The largest sports network in the world made its upfront presentation to media buyers this month. Days after rumors surfaced that FOX may launch a national cable sports network in the near future, ESPN unveiled a slew of fresh opportunities for the future. New campaigns with Twitter as well as integrations with Facebook, YouTube, Amazon, Netflix and Microsoft will be launched in efforts to further entrench the brand in the minds of sports fans at all points of media consumption. Ed Erhardt, the company’s President of Customer Marketing and Sales, predicted that sports will be the most bought segment at this year’s upfront.
As large networks continue to fight for this very engaged consumer, ESPN embarks on initiatives to harness its enormous reach so that advertisers can gain access to their audience on all screens. “We have massive scale, but that doesn’t mean we don’t target a specific consumer,” said Eric Johnson, ESPN’s Vice President of Multimedia Sales. In perhaps the most interesting iteration of their capabilities at the upfront, ESPN presented a case study involving their work with Gatorade. Partnering across multiple screens with the network, Gatorade aimed at embracing the female athlete and mother. Their main endeavor was support of “Nine for IX,” a short, nine documentary series ESPN created about women in sports in conjunction with the 40-year anniversary of Title IX.
In working with its clients, ESPN capitalizes on capabilities to target niche areas of its audience. Gatorade is able to focus its message out to the rising number of active women who are using its product on a consistent basis and make them feel important, set in the perfect brand/content fit. Media capabilities like these will allow brands to target groups of consumers differently, based on their behaviors and interests, rather than sending one broad and often vague broadcast advertising message. Engaging with your consumer on a micro-level becomes vitally important as competitive brands come into the market landscape. Just ask ESPN, they know a thing or two about that.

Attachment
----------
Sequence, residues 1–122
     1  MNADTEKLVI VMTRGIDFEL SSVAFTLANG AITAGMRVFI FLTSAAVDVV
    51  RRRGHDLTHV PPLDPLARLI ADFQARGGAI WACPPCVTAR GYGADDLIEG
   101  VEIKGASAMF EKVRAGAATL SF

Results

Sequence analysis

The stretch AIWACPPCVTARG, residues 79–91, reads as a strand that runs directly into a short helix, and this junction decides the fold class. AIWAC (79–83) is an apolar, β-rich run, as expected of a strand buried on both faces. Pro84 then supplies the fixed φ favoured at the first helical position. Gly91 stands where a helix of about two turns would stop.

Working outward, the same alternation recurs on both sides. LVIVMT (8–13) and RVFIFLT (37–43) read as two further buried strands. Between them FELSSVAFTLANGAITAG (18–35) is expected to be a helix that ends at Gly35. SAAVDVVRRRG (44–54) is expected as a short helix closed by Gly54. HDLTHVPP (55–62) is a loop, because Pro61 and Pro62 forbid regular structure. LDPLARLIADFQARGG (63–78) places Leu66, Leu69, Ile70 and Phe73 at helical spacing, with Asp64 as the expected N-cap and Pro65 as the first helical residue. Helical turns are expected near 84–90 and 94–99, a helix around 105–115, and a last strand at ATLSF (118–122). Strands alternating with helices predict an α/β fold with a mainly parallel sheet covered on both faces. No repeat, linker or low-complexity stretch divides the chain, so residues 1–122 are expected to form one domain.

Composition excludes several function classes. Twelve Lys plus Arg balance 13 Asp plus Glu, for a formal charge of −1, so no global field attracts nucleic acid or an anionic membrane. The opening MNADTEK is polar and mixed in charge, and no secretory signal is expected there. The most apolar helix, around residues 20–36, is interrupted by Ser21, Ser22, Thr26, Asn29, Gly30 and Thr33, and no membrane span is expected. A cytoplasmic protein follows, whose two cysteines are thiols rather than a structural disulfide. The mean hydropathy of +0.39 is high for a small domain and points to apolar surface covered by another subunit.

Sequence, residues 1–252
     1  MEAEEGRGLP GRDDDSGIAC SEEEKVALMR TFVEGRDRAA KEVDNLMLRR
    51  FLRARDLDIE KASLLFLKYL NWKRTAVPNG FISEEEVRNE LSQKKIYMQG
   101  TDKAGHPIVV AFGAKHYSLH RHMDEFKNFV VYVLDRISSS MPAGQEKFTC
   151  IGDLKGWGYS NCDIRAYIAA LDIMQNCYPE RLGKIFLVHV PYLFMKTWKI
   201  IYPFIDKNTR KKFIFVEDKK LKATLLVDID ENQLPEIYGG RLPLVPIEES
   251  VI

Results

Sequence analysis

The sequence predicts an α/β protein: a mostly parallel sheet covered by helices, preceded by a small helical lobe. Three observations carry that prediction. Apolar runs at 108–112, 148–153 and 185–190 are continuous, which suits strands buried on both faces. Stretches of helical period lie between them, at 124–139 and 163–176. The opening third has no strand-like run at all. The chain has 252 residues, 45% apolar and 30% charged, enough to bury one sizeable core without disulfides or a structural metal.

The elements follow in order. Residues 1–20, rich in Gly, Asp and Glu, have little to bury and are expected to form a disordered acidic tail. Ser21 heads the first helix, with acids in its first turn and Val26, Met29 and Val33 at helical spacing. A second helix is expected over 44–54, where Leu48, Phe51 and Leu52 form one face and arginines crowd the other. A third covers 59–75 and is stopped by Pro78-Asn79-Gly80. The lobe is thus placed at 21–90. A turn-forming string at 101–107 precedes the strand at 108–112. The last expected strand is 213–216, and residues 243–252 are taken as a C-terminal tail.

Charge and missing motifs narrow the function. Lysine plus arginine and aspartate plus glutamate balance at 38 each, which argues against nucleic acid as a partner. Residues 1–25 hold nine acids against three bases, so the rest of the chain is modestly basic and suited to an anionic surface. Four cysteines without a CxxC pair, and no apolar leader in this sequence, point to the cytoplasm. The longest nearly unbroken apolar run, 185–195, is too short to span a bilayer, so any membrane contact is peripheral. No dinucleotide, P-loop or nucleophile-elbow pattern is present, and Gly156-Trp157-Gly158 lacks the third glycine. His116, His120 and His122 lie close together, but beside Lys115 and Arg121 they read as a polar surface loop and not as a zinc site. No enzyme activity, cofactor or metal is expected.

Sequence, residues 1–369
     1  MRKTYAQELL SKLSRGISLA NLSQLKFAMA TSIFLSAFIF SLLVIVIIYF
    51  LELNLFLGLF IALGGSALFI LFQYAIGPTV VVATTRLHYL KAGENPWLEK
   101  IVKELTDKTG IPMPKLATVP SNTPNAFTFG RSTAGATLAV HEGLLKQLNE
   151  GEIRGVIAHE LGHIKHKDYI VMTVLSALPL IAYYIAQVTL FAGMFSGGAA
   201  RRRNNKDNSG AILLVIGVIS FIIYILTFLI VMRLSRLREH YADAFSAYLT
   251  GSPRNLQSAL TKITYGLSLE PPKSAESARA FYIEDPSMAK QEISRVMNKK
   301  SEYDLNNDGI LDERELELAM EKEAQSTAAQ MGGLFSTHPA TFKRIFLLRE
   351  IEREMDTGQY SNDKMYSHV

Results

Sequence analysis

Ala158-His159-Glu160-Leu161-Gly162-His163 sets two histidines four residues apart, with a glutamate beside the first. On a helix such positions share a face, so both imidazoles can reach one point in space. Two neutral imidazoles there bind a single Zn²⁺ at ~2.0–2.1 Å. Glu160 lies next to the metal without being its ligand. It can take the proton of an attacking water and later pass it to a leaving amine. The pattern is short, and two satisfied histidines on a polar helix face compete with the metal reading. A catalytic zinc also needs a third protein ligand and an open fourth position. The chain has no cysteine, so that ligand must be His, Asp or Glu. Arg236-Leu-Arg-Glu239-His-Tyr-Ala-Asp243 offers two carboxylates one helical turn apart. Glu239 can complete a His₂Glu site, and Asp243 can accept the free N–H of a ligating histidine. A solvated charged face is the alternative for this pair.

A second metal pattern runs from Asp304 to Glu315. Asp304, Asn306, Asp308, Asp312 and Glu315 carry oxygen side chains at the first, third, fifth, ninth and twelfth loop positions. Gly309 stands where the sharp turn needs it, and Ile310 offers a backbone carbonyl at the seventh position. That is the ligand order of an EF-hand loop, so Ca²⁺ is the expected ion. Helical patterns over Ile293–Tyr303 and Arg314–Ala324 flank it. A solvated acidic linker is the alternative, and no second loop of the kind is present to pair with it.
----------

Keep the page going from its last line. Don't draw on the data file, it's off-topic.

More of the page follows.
Viewers are increasingly turning to online and on-demand for their weekly dose of comedy, drama and reality television. So where does scheduled broadcast television fit into the mix with the increase in non-traditional viewing experiences? The 25-34 demo still receives the majority of their content via traditional TV, however, they no longer differentiate between “on TV” and “online” viewing. Although traditional television remains king (as of today’s numbers) the number of homes in the U.S. with televisions dropped last year for the first time in over 20 years. Computers, tablets and mobile phones have become the primary content source for a younger audience that has never had to pay for traditional television because of digital content partners such as Netflix, Hulu and YouTube.
So what’s the best way to reach an audience that is constantly viewing content on a variety of platforms? Instead of developing individual strategic TV, Radio and Digital media plans, we need to create plans categorized by Video and Audio. Reaching a viewer while watching the latest episode of New Girl on Hulu should be no different than reaching them while watching it during scheduled broadcast. Streaming your favorite radio morning show at work should be no different than listening while driving to work. With the increase of technology we are forced to think smarter about how we extend our media presence and reach our target in unique ways.